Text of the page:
Schoolyard Superhero

Recess Warriors: Hero Is A Four-Letter Word by Marcus Emerson. Roaring Book Press, 2017. 9781626727083. 144pp.

Bryce is secretly a masked hero known as Scrap. After saving a kid from a few of Armstrong School’s bullies, he gets beat up himself. His friend Yoshi saves him with her her jump rope. (She holds the school record.)

Together they go to investigate calls for help coming from the field by the blacktop. They find a sick boy with pockets full of posies. His cheeks are rosy. Vanilla-bean-frappuccino-loving Juliet is infecting everyone. She loves Scrap, but he never noticed her no matter what she did. So to get his attention she’s spreading cooties. And a little while after the infected boys all fall down, they rise again as zombies.

There are moments in this graphic novel that make it clear this is all just imagined recess fun, but if I was reading it aloud to a kid I’d skip those panels. Every school playground needs a zombie apocalypse.

An Alien in American

Superman: American Alien by Max Landis. Artists: Nick Dragotta, Tommy Lee Edwards, Joëlle Jones, Jae Lee, Francis Manapul, Jonathan Case, Jock. DC Comics, 2016. 9781401262563. Collects Superman: American Alien #1 – #7.

Superman stories are often kinda boring. He’s invulnerable. He’s powerful. He’s immortal. (Remember when he died?) And, cynically, he’s going to win not just for these reasons but because if he died all the Superman merchandise would die with him. A lot of superhero comics suffer from these same issues.

But this book had me from the opening page where a terrified young Clark Kent is rising into the sky, screaming at his terrified mother, clinging to his leg, to not let him go. He’s an alien boy who just wants to be normal. His father tells him weird is better, and, in an amazing chapter, helps him learn to fly.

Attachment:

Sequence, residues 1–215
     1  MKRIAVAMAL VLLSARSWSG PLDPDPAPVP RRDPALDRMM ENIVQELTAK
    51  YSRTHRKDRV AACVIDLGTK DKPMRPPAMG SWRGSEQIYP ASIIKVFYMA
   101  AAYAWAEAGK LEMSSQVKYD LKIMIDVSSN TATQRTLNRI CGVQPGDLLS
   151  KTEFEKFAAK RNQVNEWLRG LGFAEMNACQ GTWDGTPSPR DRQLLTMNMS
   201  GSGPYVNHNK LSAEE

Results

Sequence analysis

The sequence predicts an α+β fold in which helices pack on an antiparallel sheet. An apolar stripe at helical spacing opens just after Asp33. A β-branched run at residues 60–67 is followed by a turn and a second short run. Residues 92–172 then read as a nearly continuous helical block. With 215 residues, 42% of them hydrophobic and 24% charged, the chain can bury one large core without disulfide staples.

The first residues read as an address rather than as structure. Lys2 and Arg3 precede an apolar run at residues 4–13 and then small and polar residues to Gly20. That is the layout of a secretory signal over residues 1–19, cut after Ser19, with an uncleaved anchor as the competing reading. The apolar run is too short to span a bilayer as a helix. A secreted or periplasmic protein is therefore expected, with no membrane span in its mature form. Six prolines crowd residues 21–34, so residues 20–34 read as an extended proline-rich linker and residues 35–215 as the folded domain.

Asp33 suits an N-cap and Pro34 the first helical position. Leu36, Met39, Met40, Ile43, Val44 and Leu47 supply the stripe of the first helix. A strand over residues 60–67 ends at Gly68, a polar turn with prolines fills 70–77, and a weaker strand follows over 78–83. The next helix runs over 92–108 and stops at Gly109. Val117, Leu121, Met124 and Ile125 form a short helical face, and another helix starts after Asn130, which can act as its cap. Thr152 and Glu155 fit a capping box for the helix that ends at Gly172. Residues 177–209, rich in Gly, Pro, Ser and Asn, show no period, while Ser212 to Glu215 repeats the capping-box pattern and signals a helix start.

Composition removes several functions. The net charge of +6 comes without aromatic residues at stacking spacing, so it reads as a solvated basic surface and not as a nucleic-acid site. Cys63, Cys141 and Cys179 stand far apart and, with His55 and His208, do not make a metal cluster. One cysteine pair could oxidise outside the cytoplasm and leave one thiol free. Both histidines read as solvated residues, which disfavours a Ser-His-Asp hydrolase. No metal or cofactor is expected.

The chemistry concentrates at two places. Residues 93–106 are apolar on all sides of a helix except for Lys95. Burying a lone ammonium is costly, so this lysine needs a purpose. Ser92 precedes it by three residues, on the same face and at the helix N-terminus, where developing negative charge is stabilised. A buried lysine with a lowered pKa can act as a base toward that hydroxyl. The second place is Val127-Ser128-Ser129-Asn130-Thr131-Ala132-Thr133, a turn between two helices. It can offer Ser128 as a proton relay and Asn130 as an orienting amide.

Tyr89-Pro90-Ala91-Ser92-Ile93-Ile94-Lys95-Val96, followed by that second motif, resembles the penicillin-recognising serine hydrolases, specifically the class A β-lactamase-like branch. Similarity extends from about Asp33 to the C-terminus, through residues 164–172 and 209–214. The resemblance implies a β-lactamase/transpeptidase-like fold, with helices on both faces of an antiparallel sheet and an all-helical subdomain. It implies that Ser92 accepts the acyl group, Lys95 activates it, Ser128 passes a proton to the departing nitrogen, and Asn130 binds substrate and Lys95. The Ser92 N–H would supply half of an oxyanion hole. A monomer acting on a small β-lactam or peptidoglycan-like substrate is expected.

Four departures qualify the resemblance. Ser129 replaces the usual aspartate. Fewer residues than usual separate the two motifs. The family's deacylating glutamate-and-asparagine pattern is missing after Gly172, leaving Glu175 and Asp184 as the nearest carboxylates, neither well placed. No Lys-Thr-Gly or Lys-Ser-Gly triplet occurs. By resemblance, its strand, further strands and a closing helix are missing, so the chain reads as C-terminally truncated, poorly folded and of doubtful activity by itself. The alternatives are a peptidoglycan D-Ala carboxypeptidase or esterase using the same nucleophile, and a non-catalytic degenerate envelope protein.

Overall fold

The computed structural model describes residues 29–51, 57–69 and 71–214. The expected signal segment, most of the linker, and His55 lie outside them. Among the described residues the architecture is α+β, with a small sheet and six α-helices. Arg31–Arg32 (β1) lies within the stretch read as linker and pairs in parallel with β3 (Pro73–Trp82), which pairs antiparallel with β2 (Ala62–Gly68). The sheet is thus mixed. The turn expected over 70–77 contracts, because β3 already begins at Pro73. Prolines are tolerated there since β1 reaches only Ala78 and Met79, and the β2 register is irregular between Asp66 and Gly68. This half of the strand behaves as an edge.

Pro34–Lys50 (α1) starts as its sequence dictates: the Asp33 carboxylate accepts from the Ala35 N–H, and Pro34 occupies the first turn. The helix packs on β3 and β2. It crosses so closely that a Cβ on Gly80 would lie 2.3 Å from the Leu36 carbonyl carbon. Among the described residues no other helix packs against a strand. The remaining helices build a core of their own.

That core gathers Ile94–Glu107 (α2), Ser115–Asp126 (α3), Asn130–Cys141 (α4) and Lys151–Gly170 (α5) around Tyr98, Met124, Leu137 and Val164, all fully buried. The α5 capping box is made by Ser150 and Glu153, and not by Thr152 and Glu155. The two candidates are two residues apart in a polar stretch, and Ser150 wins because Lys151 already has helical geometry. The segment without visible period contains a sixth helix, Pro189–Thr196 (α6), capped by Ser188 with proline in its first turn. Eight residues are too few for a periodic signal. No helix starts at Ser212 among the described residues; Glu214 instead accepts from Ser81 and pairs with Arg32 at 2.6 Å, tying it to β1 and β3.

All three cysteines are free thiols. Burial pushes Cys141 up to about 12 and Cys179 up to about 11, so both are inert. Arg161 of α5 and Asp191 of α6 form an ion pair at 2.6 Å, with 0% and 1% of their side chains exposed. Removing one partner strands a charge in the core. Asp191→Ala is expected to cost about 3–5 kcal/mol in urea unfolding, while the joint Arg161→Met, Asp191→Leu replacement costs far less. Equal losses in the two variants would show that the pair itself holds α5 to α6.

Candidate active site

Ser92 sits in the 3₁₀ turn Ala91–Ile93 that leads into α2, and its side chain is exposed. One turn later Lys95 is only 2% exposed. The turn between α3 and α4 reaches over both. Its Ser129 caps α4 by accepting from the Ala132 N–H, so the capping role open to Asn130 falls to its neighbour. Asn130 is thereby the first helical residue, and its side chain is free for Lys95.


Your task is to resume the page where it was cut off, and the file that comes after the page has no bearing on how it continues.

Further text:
There are seven chapters here in all, each drawn by a different artist, each with a different tone, each a different moment in Clark / Superman’s life. (Landis’ original series pitch in the back of the book clarifies the idea.) In the second chapter, a teenage Clark uses his powers to help a family held at gunpoint. It’s horrific — he doesn’t have the level of control he needs to keep people safe from his own powers. What’s brilliant is he’s not that powerful (yet). Plus it’s clear that the sheriff and everyone else around him knows he’s different and how he’s different, because how could they not notice something like that in a small Kansas town?

The chapter drawn by Joëlle Jones is my favorite, with Clark accidentally impersonating Bruce Wayne at a raging party in Wayne’s honor on a yacht. Clark hilariously foils an assassination attempt, and he gets the girl, at least for the moment. It sets up Clark’s not-so-epic first meeting with Batman in Metropolis years later, and a bit of Batman-related madness that follows.

No more details because I don’t want to ruin it. I’d say 1 in 20 Superman collections is worth reading, and this is right at the top of the pile with Loeb and Sale’s beautiful Superman: For All Seasons and Morrison / Quietly’s utterly amazing All-Star Superman.

Tinker, Tailor, Soldier, Spider

Black Widow Volume 1: S.H.I.E.L.D.’s Most Wanted by Mark Waid & Chris Samnee. Marvel, 2016. 9780785199755.

black-widow-1Contains Black Widow #1 – #6.

Many comics have borrowed the cinematic action style of comics that Darwin Cooke perfected in Catwoman: Selina’s Big Score. (In fact, some pages from Fraction and Aja’s Hawkeye run may have one-upped it, though they feel a little grittier.) But only Waid and Samnee seem able to equal Cooke’s sense of fun despite this story’s life-or-death stakes.

The opening sequence is really all you need to hear about to know if you want to read it. Black Widow wades through S.H.I.E.L.D agents trying to stop her from leaving what appears to be an office building. After a fight she drops a bomb, blowing her out a window, which reveals that she’s falling from a helicarrier 40,000 feet in the air without a parachute. Does she panic? No. She has a plan. And those agents in flying cars and with rocket packs are part of it. It’s a ballet that ends perfectly and elegantly. And it’s all because someone is blackmailing her by threatening to reveal her secrets.